Focusing on the fight not the fright of cancer

By Hope Lecchi - [email protected]

What defines a “survivor?” is a question that seems fitting today as people across the nation begin the observance of Breast Cancer Awareness month throughout October.

For patients at the Susan O’Brien Fischer Cancer Center located in the Canon Cancer Center at Bothwell Regional Health Center, the answer to the question is that it is, ”More about focusing on the fight, not the fright.”

The Center, focuses on a holistic approach in treating multiple forms of cancer including breast cancer.

Breast cancer is the most common form of cancer diagnosed in the United States other than skin cancer, according information provided by the American Cancer Society.

“In April of this year, we started a support group, High Hopes Cancer Support, as a way to help patients, their families and caregivers cope with cancer and their diagnosis,” Cathy Harrison, receptionist at the Cancer Center said. “We wanted to provide patients with a venue to share stories and voice their concerns with others who are going through similar circumstances.

“We want them to know that the whole Center is about them and what they need, and especially what can we do to help them through their experience,” she added. “We want them to be able to see and talk to someone who has made it over the summit or is on the journey so they know that it not insurmountable.”

The group meets at 4:30 p.m. the third Tuesday of each month and is open to anyone.

Dr. Matt Triplett, oncologist/hematologist at Bothwell has been a speaker at the support group and has seen the benefits of the group.

“I believe that community in a general sense is one of the most basic human needs in order to be happy and healthy, even when things are going well,” Triplett said. ” When times of crisis arise, the reserves of strength and love we can draw upon from our community can make all the difference.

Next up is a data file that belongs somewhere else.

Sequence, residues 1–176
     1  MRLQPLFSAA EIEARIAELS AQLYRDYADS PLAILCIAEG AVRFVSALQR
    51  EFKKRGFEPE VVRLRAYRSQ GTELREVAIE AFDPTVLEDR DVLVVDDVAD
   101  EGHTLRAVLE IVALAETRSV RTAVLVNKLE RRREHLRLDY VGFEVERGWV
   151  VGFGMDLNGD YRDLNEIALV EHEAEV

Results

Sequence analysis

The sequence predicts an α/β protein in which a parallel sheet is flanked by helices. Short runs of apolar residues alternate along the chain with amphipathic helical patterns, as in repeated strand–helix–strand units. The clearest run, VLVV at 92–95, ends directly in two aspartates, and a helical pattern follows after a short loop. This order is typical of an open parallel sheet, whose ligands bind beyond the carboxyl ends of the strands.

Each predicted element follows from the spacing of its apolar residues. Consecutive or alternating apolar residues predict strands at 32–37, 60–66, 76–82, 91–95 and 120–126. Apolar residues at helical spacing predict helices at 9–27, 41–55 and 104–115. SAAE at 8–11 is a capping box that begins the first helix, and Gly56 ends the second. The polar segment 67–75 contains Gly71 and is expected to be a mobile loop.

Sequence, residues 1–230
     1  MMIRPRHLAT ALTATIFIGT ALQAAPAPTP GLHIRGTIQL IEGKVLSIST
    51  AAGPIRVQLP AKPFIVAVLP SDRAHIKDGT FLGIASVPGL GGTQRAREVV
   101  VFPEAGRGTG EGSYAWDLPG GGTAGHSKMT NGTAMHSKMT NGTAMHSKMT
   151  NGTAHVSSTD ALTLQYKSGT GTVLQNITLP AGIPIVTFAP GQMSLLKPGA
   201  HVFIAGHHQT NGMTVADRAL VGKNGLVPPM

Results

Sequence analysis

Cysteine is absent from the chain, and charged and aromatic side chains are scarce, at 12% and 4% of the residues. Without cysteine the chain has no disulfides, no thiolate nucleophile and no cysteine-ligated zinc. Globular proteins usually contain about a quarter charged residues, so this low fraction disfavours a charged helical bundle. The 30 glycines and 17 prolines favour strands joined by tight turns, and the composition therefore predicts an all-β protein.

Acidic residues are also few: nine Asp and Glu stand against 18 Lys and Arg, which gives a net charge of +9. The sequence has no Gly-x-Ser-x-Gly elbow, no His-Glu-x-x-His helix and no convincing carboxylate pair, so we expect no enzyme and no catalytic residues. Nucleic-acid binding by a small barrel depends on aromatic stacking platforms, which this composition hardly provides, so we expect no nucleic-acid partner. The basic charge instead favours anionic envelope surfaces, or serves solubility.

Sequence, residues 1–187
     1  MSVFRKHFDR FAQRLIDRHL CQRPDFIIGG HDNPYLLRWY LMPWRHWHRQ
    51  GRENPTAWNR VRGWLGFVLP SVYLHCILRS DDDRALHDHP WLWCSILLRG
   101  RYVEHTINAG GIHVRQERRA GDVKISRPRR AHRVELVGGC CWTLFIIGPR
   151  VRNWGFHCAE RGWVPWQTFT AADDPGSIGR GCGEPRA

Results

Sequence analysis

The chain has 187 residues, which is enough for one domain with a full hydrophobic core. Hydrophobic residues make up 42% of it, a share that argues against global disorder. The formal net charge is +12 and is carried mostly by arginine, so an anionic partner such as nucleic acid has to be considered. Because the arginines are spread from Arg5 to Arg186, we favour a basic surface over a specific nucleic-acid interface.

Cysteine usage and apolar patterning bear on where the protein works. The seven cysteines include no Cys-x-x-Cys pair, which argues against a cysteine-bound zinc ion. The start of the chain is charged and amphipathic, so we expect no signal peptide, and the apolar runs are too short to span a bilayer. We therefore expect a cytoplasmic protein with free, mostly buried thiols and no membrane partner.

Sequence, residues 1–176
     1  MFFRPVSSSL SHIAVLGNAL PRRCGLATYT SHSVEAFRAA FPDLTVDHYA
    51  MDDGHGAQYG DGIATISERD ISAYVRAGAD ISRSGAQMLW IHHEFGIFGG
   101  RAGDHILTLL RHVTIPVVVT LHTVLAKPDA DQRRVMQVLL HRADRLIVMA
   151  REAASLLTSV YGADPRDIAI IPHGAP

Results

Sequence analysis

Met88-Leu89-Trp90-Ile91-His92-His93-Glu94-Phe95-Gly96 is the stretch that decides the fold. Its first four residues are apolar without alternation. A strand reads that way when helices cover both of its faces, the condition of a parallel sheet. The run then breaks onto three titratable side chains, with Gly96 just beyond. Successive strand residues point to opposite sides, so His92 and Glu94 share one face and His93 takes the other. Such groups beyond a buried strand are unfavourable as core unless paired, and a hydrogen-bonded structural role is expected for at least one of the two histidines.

“When it comes to cancer, groups like High Hopes can bring people with one unifying experience together and allow them to share what they have learned in their individual struggle, to everyone’s benefit.” he added. “This can be crucial especially for those people who do not have a strong network of family or friends when the cancer diagnosis enters their lives.”

The network and bond of friendship is one of the most important elements to the program Harrison said.

“We are a close-knit group but we welcome everyone who wants to share their story because there is strength in their words,” Harrison said. “Some who have attended have completed their treatment and want to give back and tell their stories of survival.

“Others are visitors from out of town, who have told us that we are the closest support group that they can find,” she added. “There is such healing in groups and a great deal of warmth and understanding in our discussions.”

While there is a series of programs scheduled, Harrison said organizers are open to ideas from those who attend meetings, patients, and survivors.

“Cancer doesn’t discriminate — it affects so many people and their loved ones; they travel to and from treatments and the treatments themselves cut into their schedules and their lives,” Harrison added. “I feel very strongly and passionately, as we all do here at the Cancer Center, that we are here to offer our help and support.”

For more information on the High Hopes Cancer Support Group, call 660-829-7792 or visit

By Hope Lecchi

[email protected]

Hope Lecchi can be reached at 660-826-1000 ext. 1484.

Hope Lecchi can be reached at 660-826-1000 ext. 1484.

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